Disease challenges of cage-free egg production
Disease and emerging pathogens present cage-free egg producers with challenges that may require changes in operational practices.
A survey of the Association of Veterinarians in Egg Production presented at the United States Animal Health Association annual meeting in October 2017 by Dr. Eric Gingerich, technical services specialist of poultry with Diamond V, gave interesting insights into the issues facing producers of cage-free eggs. Coccidiosis and related diseases, piling, cannibalism, E. coli, vaccinal infectious laryngotracheitis (ILT), Mycoplasma gallisepticum and roundworms were identified as the most important challenges in pullets and layers. In addition, other emerging or re-appearing conditions warrant monitoring.
Various diseases and control tactics
Veterinarians ranked coccidiosis as the most challenging disease in cage-free pullet production. Gingerich estimates that 95 percent or more layer pullets are given a coccidiosis vaccine, which requires good management practices to ensure success. The live oocyst vaccine needs to recycle two or three times through the bird to establish adequate immunity, so litter moisture and humidity management are important. Lack of adequate coccidiosis immunity allows secondary infections, most often necrotic enteritis, to develop. Both coccidiosis and necrotic enteritis result in increased mortality as well as reduced growth and egg production.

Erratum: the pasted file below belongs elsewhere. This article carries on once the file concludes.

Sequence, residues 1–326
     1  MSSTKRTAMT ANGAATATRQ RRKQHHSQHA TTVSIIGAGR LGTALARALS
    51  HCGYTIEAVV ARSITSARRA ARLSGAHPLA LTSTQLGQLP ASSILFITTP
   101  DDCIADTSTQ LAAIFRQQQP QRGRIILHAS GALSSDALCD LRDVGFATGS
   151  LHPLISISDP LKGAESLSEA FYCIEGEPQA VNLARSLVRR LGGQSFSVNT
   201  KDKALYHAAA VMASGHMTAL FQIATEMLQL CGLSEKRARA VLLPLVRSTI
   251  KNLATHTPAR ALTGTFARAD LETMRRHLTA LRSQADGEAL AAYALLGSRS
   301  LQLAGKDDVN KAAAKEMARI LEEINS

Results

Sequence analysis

Read the entire report about disease challenges of cage-free egg production in the March issue of Egg Industry.
While more of a management than disease issue, piling was ranked second in the pullet survey as producers seek answers on how to prevent this phenomenon that causes significant mortality losses. There appears to be a strain relationship, as piling is commonly seen in brown birds and some strains of white pullets. Producers are learning that a uniform environment may reduce the incidence, so they are working to keep light intensity, temperature and litter depth consistent across the pullet house.
Increased reactions to live respiratory vaccines are observed when E. coli infections are present in growing pullets. After moving to the lay house, E. coli may contribute to significantly higher mortalities of 0.5 to 4 percent per week, as a secondary invader after respiratory issues may develop from high ammonia levels or disease challenges from mycoplasmas or infectious bronchitis. When water lines are contaminated with E. coli, this bacterium can be a primary pathogen. A live vaccine is used during pullet grow-out as a preventative and has also been used with success as a treatment during an outbreak.